In all three pieces, we see the two artists having some kind of argument.  The Application offers the more polite, passive aggressive jockeying which inevitably happens in public spaces when the theatre of cruelty is rehearsed through micro gestures, unfinished sentences, questions which are really suggestions and the slow widening of the space between the participants on the bench and so screen.  The Name shows all out war, as domestic privacy means that volcanic passions can bubble across the surface scorching everything in their path, old arguments brought into play during the new, running away from the situation either physically or mentally through ignoring the other person or simply pretending an argument isn't happening at all.  The Work merges the two as someone with very clear ideas of what they want to achieve finds themselves dealing with a partner who doesn't know really and is procrastinating.  Would you like a coffee?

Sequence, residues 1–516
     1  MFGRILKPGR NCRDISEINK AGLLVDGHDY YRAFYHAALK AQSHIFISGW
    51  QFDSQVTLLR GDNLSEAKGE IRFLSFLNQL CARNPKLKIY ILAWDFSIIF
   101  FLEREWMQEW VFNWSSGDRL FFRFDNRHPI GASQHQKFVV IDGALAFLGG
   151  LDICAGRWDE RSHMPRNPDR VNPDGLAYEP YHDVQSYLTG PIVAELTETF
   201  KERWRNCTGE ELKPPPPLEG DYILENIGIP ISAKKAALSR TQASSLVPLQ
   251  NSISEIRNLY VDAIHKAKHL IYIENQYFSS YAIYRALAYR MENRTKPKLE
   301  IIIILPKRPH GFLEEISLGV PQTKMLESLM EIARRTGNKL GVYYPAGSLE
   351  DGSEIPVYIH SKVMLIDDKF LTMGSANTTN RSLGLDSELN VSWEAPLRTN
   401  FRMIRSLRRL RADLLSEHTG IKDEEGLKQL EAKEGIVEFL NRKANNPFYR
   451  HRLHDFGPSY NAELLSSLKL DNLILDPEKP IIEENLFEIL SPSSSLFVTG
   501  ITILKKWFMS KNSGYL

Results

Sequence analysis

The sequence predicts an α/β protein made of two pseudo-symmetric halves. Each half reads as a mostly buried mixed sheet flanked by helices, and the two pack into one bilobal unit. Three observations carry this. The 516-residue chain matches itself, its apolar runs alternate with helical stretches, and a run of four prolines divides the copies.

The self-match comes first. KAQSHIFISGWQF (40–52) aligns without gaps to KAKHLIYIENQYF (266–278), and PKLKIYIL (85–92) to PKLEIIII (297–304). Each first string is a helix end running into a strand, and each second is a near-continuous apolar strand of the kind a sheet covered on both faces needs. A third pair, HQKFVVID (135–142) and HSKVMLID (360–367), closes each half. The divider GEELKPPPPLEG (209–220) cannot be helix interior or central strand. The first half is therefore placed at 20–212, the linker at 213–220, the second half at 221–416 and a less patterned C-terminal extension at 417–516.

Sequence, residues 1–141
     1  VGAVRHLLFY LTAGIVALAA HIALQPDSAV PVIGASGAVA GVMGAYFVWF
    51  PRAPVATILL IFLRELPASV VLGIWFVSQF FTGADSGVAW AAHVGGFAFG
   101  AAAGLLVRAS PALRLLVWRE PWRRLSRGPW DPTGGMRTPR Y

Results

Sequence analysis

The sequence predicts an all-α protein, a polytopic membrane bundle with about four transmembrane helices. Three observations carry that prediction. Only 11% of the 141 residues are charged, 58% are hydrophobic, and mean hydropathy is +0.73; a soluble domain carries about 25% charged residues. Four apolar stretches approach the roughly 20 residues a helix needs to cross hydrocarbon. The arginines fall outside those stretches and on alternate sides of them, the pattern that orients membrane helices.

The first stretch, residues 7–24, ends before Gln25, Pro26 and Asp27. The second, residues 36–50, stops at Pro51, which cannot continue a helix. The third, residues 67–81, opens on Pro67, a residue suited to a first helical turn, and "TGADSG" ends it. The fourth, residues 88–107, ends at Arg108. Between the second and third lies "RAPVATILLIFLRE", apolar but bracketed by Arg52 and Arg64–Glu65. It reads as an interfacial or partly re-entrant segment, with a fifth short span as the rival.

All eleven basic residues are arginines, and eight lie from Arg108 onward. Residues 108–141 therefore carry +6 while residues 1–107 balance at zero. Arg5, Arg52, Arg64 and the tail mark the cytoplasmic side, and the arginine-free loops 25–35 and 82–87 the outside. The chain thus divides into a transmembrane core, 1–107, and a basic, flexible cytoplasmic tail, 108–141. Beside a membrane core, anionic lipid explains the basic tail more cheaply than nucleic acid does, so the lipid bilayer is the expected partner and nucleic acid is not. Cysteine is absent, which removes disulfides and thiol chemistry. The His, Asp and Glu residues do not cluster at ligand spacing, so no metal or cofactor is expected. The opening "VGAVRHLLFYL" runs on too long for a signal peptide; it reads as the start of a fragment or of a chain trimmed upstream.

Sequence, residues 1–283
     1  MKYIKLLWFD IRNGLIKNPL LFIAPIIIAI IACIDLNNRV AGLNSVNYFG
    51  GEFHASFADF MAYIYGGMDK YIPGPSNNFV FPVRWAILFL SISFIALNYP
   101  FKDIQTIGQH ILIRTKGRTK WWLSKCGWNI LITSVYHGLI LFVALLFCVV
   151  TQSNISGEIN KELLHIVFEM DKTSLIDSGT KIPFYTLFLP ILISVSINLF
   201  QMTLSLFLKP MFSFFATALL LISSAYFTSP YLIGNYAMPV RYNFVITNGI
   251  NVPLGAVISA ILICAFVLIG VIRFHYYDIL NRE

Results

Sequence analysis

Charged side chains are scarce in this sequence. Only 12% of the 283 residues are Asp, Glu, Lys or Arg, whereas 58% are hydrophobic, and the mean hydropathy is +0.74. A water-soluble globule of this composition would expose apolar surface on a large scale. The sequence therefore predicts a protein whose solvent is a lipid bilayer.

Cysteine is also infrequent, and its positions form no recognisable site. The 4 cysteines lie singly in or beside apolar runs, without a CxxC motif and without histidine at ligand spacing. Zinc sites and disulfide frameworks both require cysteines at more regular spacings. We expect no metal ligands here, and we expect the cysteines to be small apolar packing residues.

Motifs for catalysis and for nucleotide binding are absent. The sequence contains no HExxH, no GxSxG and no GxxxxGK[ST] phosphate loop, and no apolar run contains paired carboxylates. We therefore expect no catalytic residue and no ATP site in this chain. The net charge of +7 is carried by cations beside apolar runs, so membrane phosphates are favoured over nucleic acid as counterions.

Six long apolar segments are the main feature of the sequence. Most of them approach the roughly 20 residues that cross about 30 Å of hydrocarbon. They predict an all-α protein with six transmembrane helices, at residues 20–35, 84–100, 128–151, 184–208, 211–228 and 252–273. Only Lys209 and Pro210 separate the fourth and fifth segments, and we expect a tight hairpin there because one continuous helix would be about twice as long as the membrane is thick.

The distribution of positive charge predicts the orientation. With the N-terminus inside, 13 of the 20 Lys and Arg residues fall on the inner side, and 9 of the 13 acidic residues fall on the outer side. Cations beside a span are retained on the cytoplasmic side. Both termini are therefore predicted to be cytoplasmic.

Whatever the intentions of the artists in creating the work (see the following paragraph), the film studies student who's still looking for the perfect job in me can't help wondering if they've somehow made a romantic comedy in the style of mid-noughties Abbas Kiarostami, with his lengthy shot durations focused on faces, improvised with the passion of a Cassavetes piece.  People who argue with this intensity tend to be in love, at least in my experience and once you have that idea fixed in your head, everything which happens on screen is either a hilarious riot or deeply disturbing from moment to moment.  Every now and then Platt's eyes boggle momentarily at something Murray's said, he's very much the straight man in this, or his face blanks as he realises he's clearly said the wrong thing and Murray's about to shut him down.  I frequently found myself laughing in the gallery space.  Some scripted comedies are less funny than this is in places for the right and wrong reasons.